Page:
Of Wolf And Dragon 

Recently, we ran a piece which looked at a perhaps surprising ‘transition’ within the Nordic mythos – namely, how the Fenris Wolf appeared plausibly to be a ‘carrying forward’ of what is otherwise a Serpentine or Draconic adversary confronted by the Sky Father deific in other Indo-European perspectives

Now, that’s … quite a surprising thing for a few reasons. One of which being that a Serpent and a Wolf, upon the surface are not easily cognate creatures. One’s got legs, for example, and warm blood, for a start. 

And yet … the more I considered it – the more it seemed that there was quite the underlying coterminity of conceptry to be explored.

So here we present a few notes upon the phenomenon. 

It is a curious thing, but it appears that this is something that was a known poetic thing amidst the Norsemen.

The major example I was aware of is in Grimnismal 34, wherein some of the Serpents that are found beneath Yggdrasil are given names –

There we hear of a ‘Grafvitnir’ (or, rather, Grafvitnir’s Sons), translated by Bellows as ‘Gnawing Wolf’, others have ‘Grave-Wolf’

It also occurs in the Krákumál (‘Pronouncements of the Crow’) … which, given the context of the poem – the famed Ragnarr Lodbrok being put to death via Snake-Pit, makes for an … interesting resonance.

Meanwhile, ‘Dragon’ should seem apt for the central creature of “dúni Grafvitnis” and “Grafvitnis beð” encountered in ‘Bjarkamál in fornu 4’ and the ‘Øxarflokkr’ (6) of Einarr Skúlason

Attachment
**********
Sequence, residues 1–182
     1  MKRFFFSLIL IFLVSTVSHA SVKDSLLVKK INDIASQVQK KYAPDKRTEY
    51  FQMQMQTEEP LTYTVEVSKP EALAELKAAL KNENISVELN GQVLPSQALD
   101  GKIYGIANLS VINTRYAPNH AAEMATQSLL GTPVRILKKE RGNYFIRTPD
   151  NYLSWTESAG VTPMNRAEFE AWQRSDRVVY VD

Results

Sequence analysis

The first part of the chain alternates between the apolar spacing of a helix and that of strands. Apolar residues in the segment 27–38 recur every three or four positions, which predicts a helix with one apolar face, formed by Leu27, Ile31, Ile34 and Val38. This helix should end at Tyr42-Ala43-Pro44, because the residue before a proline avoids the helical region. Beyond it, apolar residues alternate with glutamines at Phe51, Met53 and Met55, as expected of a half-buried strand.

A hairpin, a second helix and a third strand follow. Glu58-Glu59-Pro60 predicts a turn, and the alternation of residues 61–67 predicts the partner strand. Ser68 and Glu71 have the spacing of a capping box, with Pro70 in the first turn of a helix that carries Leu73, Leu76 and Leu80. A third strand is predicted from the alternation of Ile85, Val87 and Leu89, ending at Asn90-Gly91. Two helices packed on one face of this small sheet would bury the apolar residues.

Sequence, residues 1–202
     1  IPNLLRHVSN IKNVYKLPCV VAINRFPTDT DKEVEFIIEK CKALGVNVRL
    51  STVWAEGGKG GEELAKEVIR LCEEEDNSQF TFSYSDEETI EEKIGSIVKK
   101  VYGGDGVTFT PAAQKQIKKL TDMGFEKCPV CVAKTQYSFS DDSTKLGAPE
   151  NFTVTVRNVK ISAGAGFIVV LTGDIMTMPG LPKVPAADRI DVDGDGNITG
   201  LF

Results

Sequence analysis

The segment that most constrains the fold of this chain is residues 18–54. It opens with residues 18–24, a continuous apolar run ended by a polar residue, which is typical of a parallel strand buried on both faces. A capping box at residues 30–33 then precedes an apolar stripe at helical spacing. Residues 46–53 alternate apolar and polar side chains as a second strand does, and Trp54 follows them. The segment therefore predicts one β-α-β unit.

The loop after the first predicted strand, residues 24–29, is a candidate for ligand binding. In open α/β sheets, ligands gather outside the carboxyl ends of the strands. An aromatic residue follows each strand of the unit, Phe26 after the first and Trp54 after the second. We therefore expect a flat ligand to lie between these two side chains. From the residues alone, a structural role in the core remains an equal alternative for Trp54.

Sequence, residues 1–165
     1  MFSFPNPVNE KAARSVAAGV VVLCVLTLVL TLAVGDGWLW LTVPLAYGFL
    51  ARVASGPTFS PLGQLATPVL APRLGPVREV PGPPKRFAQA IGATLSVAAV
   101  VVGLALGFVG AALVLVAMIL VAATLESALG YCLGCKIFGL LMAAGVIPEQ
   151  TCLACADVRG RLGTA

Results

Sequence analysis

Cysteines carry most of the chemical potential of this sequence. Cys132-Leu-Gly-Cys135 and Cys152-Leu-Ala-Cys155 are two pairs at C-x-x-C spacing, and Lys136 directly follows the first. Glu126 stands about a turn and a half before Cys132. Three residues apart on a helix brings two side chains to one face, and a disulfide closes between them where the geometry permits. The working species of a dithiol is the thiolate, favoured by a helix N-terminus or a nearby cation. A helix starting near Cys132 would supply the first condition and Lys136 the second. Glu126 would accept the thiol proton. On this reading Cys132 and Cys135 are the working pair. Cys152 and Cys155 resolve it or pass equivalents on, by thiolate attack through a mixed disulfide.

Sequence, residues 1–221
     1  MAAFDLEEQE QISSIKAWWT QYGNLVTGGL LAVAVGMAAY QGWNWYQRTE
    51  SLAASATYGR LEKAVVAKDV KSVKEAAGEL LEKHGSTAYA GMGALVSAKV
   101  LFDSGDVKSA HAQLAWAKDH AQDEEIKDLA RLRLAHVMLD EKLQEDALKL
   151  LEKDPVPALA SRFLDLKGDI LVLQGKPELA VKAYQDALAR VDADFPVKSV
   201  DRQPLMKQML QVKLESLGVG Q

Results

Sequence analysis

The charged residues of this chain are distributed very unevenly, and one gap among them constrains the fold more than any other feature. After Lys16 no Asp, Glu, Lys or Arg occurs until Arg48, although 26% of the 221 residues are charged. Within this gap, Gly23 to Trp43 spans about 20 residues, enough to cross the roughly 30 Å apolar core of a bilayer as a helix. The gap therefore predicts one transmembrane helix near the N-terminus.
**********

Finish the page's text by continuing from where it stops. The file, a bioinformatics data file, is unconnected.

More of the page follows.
Effectively, the ‘feather-down’ / ‘bed’ (respectively) of Grafvitnir – and understood as Gold

We are thus unsurprised to encounter it in the Þulur / Skaldskaparmal in amidst the attested ‘orma heiti’ – the ‘namings of wyrms’.

[I’d also be tempted to speculate that some of the other such heiti – Grabak, for instance, ‘Grey-Back’ – seem rather similar to wolfish terms, but that is complete speculation on my part]

The real point of interest that had occurred to me, however, is that as we know – the Sky Father deific is prominent in Wolf association & form in various IE mythocultures.

And also has an array of Serpent/Dragon form attestations as well.

We are therefore intrigued to note that a number of the prominent heiti for Dragons or Serpents also exist as Odinic theonyms [‘Ofnir and Svafnir’, per the Grimnismal and Bellows’ commentary on verses 34 and 54].

And we would also note that just as there is the prominent ‘Serpent- / Dragon- Gaze’ conceptry for the Noble in various IE spheres [think the Rigsthula’s  “ötul váru augu sem yrmlingi” for the young Jarl] or the ‘Gorgon-gaze’ for Hector iirc.

We have also frequently encountered – at least, in Europe – the Wolf, too, as a totemic animal & association for the nobility with accompanying essence-tial characteristics for same.

Indeed, my own illustrious forebear Rolo [‘Famous Wolf’] is just such an exemplar.

And, while I am looking through these things .. we are currently pondering the situation of (Old Icelandic) ‘Vitnir’ as not only ‘Wolf’ but also ‘Poet’. Ostensibly a case of [homophonic] ‘convergent evolution’; either ‘Vitta’ as in ‘Incantation / Charm’ or ‘Vit’ (as in ‘Wits’), from *Weyd.